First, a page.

Eric Foner has had a profound influence on our understanding of America's history. Now, making brilliant use of extraordinary evidence, the Pulitzer Prize–winning historian once again reconfigures the national saga of American slavery and freedom. We invite you to a presentation and discussion.
A deeply entrenched institution, slavery lived on legally and commercially even in the northern states that had abolished it after the American Revolution. Slaves could be found in the streets of New York well after abolition, traveling with owners doing business with the city's major banks, merchants, and manufacturers. New York was also home to the North’s largest free black community, making it a magnet for fugitive slaves seeking refuge. Slave catchers and gangs of kidnappers roamed the city, seizing free blacks, often children, and sending them south to slavery.
To protect fugitives and fight kidnappings, the city's free blacks worked with white abolitionists to organize the New York Vigilance Committee in 1835. In the 1840s vigilance committees proliferated throughout the North and began collaborating to dispatch fugitive slaves from the upper South, Washington, and Baltimore, through Philadelphia and New York, to Albany, Syracuse, and Canada. These networks of antislavery resistance, centered on New York City, became known as the underground railroad. Forced to operate in secrecy by hostile laws, courts, and politicians, the city’s underground-railroad agents helped more than 3,000 fugitive slaves reach freedom between 1830 and 1860. Until now, their stories have remained largely unknown, their significance little understood.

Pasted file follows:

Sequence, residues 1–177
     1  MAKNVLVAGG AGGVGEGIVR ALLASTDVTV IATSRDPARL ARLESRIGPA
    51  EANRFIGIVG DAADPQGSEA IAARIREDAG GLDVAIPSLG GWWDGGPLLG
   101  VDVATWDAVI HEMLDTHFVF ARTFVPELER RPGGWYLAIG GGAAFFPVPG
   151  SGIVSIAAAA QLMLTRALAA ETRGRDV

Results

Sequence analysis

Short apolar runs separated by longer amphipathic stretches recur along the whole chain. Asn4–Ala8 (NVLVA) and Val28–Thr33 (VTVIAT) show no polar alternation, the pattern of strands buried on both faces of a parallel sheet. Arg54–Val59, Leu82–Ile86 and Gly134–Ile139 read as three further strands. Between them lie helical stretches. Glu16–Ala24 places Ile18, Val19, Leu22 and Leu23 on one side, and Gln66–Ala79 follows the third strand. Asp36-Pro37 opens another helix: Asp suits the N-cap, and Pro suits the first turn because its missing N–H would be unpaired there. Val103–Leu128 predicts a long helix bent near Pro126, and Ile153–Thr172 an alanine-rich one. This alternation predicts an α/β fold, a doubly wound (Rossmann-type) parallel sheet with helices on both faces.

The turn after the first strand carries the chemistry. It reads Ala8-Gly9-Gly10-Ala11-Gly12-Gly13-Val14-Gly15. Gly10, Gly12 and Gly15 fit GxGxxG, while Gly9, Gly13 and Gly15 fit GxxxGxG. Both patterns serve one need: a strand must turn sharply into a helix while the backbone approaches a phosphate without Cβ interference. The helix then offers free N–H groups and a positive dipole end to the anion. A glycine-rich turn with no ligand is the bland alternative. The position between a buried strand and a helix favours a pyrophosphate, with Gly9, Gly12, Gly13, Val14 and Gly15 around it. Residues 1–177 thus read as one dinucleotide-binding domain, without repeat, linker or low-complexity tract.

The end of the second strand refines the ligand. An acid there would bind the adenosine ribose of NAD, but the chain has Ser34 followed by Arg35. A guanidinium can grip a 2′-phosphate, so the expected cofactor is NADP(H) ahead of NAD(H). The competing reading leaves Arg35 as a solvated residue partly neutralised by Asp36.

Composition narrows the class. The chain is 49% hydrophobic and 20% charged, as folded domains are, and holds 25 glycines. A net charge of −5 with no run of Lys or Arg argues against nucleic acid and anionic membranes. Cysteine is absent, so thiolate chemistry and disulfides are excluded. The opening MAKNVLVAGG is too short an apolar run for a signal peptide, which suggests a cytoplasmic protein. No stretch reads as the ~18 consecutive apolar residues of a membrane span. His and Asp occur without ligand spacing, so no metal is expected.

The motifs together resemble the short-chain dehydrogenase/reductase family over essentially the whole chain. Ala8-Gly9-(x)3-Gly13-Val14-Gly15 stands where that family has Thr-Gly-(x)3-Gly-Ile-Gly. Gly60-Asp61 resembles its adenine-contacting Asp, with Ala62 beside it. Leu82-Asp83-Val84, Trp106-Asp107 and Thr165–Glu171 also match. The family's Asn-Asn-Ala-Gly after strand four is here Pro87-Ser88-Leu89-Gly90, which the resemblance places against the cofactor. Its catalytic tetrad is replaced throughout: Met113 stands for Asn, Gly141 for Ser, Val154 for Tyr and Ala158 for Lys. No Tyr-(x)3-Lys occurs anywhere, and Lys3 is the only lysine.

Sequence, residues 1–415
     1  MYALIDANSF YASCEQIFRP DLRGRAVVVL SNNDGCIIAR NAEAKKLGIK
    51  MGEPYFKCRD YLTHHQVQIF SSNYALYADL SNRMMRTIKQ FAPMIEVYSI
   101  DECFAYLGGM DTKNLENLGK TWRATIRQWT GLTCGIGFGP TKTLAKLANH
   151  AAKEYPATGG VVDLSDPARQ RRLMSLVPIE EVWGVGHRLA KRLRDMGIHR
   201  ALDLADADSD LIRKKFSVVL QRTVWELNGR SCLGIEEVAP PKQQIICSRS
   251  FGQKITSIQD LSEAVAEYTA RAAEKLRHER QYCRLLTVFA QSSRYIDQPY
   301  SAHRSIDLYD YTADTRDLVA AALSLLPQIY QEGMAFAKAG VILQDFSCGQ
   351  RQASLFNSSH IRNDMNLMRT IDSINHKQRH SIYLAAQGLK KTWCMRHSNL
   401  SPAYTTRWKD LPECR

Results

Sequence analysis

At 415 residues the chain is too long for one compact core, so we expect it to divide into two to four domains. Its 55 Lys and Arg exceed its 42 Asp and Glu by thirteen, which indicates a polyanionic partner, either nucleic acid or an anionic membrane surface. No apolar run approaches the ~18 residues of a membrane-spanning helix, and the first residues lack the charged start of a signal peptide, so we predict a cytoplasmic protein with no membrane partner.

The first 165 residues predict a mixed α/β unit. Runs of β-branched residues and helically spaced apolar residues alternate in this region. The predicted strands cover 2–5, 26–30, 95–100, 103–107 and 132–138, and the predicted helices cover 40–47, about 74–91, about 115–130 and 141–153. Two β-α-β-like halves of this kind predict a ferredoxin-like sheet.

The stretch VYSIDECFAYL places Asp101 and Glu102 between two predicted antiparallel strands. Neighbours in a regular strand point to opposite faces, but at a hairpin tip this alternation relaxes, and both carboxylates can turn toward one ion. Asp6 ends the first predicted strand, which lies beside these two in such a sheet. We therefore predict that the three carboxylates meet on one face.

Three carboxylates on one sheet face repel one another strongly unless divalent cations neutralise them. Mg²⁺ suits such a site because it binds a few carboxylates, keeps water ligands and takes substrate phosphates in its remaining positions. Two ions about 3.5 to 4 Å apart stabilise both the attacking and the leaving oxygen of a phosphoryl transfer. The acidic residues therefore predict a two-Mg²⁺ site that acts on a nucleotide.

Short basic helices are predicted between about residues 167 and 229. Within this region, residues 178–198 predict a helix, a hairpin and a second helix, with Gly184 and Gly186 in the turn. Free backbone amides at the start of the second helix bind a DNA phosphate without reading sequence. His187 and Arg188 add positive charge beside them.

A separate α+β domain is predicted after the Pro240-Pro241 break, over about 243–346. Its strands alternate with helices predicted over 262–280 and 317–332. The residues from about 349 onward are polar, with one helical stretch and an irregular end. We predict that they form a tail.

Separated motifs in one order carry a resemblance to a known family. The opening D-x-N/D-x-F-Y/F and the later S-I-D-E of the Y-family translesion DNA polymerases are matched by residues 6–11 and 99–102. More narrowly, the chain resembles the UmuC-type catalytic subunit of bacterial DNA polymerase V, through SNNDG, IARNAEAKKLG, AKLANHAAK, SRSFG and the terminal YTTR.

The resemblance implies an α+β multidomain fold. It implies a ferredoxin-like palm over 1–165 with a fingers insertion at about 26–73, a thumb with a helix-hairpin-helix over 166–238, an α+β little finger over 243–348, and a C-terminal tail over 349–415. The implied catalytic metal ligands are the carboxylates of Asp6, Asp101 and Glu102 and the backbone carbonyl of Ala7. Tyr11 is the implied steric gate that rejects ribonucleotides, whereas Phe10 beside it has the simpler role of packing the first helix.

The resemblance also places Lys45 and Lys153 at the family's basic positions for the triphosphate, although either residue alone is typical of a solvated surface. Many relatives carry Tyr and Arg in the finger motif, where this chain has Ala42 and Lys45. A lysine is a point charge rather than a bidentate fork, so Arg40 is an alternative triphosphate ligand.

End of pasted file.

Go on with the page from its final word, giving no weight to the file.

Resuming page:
Building on fresh evidence—including a detailed record of slave escapes secretly kept by Sydney Howard Gay, one of the key organizers in New York—Foner elevates the underground railroad from folklore to sweeping history. The story is inspiring—full of memorable characters making their first appearance on the historical stage—and significant—the controversy over fugitive slaves inflamed the sectional crisis of the 1850s. It eventually took a civil war to destroy American slavery, but here at last is the story of the courageous effort to fight slavery by "practical abolition," person by person, family by family.
Eric Foner is a preeminent scholar, teacher, and writer. A specialist on the Civil War/Reconstruction period, he is Professor of History at Columbia University. He is the author of many books including Give Me Liberty; Free Soil, Free Labor, Free Men; A Short History of Reconsturction; and Forever Free: The Story of Emancipation and Reconstruction, among others. In 2011, Foner's The Fiery Trial: Abraham Lincoln and American Slavery won the Pulitzer Prize in History, the Bancroft Prize, and the Lincoln Prize. Matthew Karp is Assistant Professor of History at Princeton University and the author of The Foreign Policy of Slavery (1833-1865), forthcoming from Harvard University Press.